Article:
Amid the things we don’t know, and we may never know, is the magnitude of our country’s looting: how much has been stolen from the Venezuelan State, using the State itself or keeping it from the income it needs to solve the myriad of needs our people have. We know the looting has been colossal, historical in magnitude, to the point where even people who took part in it have come to decry it: former Chávez ministers Jorge Giordani and Héctor Navarro have said that some 300 billion dollars were lost; former PDVSA boss Rafael Ramírez talks about 220 billion.
“In Corruptómetro, they try to homologate all the cases related to Venezuela and the documents that could help quantify it,” explains journalist and scholar María Alejandra Márquez, “and counted 52 billion that could be documented, which could have served to build almost 200,000 elementary schools (there are no more than 30,000 in Venezuela right now), or almost 600 type-1 hospitals, or 21 hydroelectric dams. And that’s only the stolen money that’s traceable. Inter American Dialogue counts some 20 corruption accusations against officers and contractors only in the U.S., which froze about 1.5 billion dollars. In Peru, the country in Latin America with the strongest experience in recovering money from corruption, the biggest trials are for 80 million dollars. The trials of Venezuelan corrupt officers are for, at least, 400 million. The damage to the nation is devastating.”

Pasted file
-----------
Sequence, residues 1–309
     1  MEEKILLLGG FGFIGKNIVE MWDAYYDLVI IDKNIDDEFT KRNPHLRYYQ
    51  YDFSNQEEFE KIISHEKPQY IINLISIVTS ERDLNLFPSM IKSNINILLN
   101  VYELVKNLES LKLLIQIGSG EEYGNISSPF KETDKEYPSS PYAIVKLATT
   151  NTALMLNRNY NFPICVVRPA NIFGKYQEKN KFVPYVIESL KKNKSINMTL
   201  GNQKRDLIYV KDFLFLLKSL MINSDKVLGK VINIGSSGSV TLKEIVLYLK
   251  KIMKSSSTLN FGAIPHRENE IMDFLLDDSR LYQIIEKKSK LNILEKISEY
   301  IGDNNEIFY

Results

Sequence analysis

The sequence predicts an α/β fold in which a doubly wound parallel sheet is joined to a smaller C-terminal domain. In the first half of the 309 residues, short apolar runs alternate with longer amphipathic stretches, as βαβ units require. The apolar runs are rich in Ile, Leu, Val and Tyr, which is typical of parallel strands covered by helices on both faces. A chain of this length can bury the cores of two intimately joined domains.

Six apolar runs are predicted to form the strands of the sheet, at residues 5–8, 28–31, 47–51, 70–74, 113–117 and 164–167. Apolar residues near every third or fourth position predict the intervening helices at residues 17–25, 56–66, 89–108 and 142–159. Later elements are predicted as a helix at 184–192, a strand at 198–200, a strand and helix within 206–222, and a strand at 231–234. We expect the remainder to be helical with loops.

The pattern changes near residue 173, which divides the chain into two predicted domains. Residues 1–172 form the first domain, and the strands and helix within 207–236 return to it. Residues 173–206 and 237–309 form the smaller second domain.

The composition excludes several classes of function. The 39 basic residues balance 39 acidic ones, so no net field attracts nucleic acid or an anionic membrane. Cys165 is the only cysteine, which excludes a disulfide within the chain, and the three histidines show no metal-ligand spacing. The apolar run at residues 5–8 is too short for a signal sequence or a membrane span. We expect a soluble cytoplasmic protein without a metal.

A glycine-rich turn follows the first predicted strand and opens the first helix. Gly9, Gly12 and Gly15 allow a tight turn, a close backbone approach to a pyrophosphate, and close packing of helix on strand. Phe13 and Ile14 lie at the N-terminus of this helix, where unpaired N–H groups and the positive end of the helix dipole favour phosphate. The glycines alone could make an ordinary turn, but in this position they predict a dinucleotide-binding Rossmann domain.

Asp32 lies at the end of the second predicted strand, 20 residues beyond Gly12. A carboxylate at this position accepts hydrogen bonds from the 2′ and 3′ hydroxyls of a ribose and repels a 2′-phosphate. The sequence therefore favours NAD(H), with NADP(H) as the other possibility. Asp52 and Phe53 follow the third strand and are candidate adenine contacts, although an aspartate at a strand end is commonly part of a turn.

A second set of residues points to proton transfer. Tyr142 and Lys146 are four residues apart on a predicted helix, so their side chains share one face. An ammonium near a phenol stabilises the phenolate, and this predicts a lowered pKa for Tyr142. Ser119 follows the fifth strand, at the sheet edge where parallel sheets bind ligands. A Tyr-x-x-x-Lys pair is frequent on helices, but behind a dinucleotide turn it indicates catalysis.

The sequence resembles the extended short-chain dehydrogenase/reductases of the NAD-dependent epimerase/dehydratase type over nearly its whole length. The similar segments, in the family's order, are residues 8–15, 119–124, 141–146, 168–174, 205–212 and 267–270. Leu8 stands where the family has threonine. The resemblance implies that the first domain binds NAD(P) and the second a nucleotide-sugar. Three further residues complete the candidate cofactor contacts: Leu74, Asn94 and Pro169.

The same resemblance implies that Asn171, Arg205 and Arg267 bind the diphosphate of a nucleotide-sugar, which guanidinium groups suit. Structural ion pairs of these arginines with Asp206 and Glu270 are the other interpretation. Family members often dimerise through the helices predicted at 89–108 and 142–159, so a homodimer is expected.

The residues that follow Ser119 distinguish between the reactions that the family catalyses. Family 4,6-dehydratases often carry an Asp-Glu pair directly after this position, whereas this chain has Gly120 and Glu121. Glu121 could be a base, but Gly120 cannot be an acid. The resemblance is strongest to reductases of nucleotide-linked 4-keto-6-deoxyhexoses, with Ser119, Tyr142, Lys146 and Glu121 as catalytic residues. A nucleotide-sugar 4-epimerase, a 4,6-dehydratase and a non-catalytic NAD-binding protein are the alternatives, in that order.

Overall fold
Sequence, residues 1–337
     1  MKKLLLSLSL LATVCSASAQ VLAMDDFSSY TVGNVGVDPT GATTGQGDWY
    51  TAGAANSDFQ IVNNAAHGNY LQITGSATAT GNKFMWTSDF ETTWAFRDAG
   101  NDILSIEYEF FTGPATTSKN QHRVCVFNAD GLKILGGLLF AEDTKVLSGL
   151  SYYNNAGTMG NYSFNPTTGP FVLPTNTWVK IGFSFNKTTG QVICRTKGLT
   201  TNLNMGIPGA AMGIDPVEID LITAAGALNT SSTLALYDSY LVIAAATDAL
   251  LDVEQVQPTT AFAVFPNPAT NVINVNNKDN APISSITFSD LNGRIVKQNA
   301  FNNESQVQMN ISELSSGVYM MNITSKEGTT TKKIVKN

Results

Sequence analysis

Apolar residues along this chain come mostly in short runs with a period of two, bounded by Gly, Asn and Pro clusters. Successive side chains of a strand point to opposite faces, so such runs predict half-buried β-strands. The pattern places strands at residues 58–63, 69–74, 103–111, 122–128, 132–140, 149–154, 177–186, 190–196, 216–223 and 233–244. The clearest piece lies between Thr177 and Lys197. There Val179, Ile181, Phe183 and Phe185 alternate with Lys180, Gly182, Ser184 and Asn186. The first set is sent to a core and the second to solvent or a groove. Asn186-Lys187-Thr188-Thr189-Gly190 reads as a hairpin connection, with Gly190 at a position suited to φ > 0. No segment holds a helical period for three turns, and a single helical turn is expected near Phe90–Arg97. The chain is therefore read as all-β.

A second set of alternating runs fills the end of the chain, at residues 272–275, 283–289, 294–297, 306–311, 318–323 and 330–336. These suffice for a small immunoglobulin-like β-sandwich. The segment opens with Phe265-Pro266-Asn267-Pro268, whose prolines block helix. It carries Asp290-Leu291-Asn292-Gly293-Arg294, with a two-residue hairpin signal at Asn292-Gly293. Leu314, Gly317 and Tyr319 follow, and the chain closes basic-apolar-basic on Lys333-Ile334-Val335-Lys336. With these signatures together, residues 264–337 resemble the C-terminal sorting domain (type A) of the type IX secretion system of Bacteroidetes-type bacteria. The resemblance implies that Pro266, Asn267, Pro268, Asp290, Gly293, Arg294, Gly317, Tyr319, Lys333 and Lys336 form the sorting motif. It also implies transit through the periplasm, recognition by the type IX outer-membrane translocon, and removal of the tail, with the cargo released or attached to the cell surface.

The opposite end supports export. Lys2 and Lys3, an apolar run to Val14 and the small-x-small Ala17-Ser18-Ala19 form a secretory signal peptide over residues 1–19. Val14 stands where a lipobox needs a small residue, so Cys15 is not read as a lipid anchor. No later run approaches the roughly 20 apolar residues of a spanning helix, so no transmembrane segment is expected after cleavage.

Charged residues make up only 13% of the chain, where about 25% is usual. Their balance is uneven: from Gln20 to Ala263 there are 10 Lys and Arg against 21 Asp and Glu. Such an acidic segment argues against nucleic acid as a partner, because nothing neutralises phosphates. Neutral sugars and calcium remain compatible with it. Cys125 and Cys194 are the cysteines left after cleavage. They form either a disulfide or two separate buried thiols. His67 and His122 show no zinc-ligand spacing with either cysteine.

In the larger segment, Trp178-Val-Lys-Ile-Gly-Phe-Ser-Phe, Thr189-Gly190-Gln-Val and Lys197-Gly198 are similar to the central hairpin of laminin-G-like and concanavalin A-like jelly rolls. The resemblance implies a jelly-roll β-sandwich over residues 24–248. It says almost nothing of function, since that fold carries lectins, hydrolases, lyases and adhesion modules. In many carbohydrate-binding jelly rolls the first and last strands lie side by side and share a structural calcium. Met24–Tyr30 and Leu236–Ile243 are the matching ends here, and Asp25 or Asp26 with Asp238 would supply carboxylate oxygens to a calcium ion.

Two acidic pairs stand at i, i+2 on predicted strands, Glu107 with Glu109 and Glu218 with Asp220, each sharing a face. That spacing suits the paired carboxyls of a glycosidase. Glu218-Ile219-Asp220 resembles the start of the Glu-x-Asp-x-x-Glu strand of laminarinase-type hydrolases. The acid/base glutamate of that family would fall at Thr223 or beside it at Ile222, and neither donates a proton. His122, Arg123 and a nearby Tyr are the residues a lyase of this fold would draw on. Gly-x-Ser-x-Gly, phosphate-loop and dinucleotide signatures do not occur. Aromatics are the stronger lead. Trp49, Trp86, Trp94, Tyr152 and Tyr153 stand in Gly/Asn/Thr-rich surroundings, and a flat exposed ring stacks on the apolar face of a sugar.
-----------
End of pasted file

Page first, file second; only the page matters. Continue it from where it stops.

And that devastated nation is also besieged by creditors and suitors. Besides all the trials caused by the expropriations and broken contracts of the Chávez era, from La Cristinas mine to CITGO, Venezuela is also the object of civil suits: for instance, some victims of FARC alleged that PDVSA was financing the Colombian guerrilla and a judge in the U.S. decided the state-owned company must pay them 318 million dollars in damages. “Just like that case, there are about 70 more trials,” says Márquez. “If the Venezuelan assets in the U.S. aren’t protected, they’ll be lost amid the bureaucracy and the suitors. And the country will have nothing to start with, when the time comes.”
If the Venezuelan assets in the U.S. aren’t protected, they’ll be lost amid the bureaucracy and the suitors. And the country will have nothing to start with, when the time comes.
That’s why Márquez founded, one year ago, with Gregorio Riera, Tom Wells and Gloria Salazar, an NGO: INRAV, Iniciativa para la Recuperación de Activos Venezolanos. INRAV is neither part of an international body, nor has it any links with the Venezuelan opposition or the National Assembly elected in 2015. It has no liaison with American political parties, and its goal is quite specific: to pressure for the reform of existing laws in the U.S. to protect, in an special fund, the resources taken from corruption, guaranteeing that money will be available to rebuild the country.
Convincing Lawmakers… in the U.S.